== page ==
We report an experiment that considers the impact of emotional state on honesty. Using the die-rolling task created by Fischbacher and Föllmi-Heusi to detect the level of dishonesty in a sample of individuals, we study the effects of induced happiness on the incidence of self-interested lying. The experiment uses 360-degree videos to induce emotional state. We find that people behave more honestly in a state of happiness than they do in a neutral state. © Copyright © 2021 Medai and Noussair.
    • Reference Point Heterogeneity.

      Terzi, Ayse; Koedijk, Kees; Noussair, Charles N; Pownall, Rachel; Univ Arizona, Dept Econ; Univ Arizona, Ecol Sci Lab (FRONTIERS MEDIA SA, 2016-09-12)
      It is well-established that, when confronted with a decision to be taken under risk, individuals use reference payoff levels as important inputs. The purpose of this paper is to study which reference points characterize decisions in a setting in which there are several plausible reference levels of payoff. We report an experiment, in which we investigate which of four potential reference points: (1) a population average payoff level, (2) the announced expected payoff of peers in a similar decision situation, (3) a historical average level of earnings that others have received in the same task, and (4) an announced anticipated individual payoff level, best describes decisions in a decontextualized risky decision making task. We find heterogeneity among individuals in the reference points they employ. The population average payoff level is the modal reference point, followed by experimenter's stated expectation of a participant's individual earnings, followed in turn by the average earnings of other participants in previous sessions of the same experiment. A sizeable share of individuals show multiple reference points simultaneously. The reference point that best fits the choices of the individual is not affected by a shock to her income.
    • Social Identity and Group Emotion: Media Effects and Support for Military Intervention

      Bradshaw, Seth; Kenski, Kate; Univ Arizona (USC ANNENBERG PRESS, 2019)
      This study examines how news coverage of terrorist threats affects emotions that then shape support for antiterrorism policies, presidential approval, and attitudes toward Muslims. Using a national sample, news stories were experimentally manipulated to emphasize terrorist threats (high/low) and depictions of U.S. military strength (high/low). Results show that group-based anger-when people thought about themselves as Americans-mediated the relationships between threat coverage and antiterrorism policies, whereas group-based fear did not. On the other hand, group-based fear mediated the relationship between threat coverage and negative attitudes toward Muslims, whereas group-based anger did not. When people thought about themselves as individuals, neither anger nor fear mediated these relationships.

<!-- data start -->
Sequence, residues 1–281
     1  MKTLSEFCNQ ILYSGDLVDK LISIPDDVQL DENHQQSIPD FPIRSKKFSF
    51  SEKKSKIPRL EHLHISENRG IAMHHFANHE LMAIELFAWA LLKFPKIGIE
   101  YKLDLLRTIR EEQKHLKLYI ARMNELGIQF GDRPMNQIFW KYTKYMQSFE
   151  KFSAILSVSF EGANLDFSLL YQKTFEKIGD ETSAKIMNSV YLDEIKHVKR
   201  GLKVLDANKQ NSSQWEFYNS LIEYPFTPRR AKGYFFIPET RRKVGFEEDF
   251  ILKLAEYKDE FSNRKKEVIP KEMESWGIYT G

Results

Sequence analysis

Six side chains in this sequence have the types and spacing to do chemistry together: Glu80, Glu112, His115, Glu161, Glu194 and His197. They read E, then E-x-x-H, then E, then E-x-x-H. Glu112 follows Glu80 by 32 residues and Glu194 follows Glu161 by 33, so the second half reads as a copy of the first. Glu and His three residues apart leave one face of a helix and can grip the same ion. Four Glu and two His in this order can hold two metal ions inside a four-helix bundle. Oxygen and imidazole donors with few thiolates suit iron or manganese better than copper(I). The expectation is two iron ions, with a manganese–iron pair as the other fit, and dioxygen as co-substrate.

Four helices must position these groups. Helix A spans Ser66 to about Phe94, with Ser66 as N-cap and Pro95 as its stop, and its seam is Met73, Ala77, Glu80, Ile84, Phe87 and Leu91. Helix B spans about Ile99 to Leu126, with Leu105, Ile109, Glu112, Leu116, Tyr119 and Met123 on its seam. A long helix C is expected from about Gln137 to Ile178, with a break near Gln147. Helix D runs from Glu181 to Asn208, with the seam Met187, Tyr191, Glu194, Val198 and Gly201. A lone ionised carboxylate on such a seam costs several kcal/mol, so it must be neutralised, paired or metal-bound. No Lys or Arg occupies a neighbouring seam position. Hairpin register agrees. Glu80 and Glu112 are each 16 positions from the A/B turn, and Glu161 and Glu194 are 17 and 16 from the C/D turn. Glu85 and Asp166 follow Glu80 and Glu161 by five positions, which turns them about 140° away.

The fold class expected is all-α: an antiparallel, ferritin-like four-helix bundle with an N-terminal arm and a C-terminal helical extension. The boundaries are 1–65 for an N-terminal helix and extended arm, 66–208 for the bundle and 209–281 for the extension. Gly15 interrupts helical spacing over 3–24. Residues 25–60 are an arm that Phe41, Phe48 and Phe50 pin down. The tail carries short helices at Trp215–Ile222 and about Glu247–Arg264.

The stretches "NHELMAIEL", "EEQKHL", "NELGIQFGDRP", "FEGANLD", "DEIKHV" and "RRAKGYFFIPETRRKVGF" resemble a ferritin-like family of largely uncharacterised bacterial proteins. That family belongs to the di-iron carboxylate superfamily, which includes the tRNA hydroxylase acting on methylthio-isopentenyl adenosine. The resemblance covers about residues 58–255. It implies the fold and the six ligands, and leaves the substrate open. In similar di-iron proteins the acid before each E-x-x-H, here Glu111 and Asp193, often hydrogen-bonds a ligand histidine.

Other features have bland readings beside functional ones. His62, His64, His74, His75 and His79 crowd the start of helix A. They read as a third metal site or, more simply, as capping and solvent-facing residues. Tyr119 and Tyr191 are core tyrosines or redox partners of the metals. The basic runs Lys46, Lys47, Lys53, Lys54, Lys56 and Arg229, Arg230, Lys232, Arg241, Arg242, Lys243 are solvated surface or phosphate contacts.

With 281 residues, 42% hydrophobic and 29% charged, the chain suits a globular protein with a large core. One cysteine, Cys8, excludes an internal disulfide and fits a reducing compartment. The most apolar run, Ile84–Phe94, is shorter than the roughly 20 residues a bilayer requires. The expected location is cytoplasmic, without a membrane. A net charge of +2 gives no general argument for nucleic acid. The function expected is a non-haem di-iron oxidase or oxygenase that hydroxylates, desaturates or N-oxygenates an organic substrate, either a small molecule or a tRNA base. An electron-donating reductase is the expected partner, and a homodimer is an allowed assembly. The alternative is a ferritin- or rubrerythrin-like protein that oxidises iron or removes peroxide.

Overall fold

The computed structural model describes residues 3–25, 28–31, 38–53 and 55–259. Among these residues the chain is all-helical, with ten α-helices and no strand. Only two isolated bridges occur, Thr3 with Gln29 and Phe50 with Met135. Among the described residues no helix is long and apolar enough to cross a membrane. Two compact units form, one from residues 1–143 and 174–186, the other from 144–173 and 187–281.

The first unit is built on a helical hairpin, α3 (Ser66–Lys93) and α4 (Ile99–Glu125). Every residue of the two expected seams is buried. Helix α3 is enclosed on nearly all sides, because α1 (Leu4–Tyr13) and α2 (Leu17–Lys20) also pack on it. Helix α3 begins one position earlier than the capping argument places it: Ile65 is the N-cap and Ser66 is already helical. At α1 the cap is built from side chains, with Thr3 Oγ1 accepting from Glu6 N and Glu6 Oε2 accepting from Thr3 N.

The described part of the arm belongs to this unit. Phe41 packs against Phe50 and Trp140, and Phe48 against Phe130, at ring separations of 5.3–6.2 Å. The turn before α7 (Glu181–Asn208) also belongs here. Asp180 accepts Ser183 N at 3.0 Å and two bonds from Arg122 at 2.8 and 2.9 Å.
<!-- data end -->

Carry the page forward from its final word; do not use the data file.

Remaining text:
• Transit time distributions and StorAge Selection functions in a sloping soil lysimeter with time-varying flow paths: Direct observation of internal and external transport variability

      Kim, Minseok; Pangle, Luke A.; Cardoso, Charléne; Lora, Marco; Volkmann, Till H. M.; Wang, Yadi; Harman, Ciaran J.; Troch, Peter A.; Univ Arizona, Biosphere2; Univ Arizona, Dept Soil Water & Environm Sci; et al. (AMER GEOPHYSICAL UNION, 2016-09)
      Transit times through hydrologic systems vary in time, but the nature of that variability is not well understood. Transit times variability was investigated in a 1 m(3) sloping lysimeter, representing a simplified model of a hillslope receiving periodic rainfall events for 28 days. Tracer tests were conducted using an experimental protocol that allows time-variable transit time distributions (TTDs) to be calculated from data. Observed TTDs varied with the storage state of the system, and the history of inflows and outflows. We propose that the observed time variability of the TTDs can be decomposed into two parts: internal variability associated with changes in the arrangement of, and partitioning between, flow pathways; and external variability driven by fluctuations in the flow rate along all flow pathways. These concepts can be defined quantitatively in terms of rank StorAge Selection (rSAS) functions, which is a theory describing lumped transport dynamics. Internal variability is associated with temporal variability in the rSAS function, while external is not. The rSAS function variability was characterized by an inverse storage effect, whereby younger water is released in greater proportion under wetter conditions than drier. We hypothesize that this effect is caused by the rapid mobilization of water in the unsaturated zone by the rising water table. Common approximations used to model transport dynamics that neglect internal variability were unable to reproduce the observed breakthrough curves accurately. This suggests that internal variability can play an important role in hydrologic transport dynamics, with implications for field data interpretation and modeling.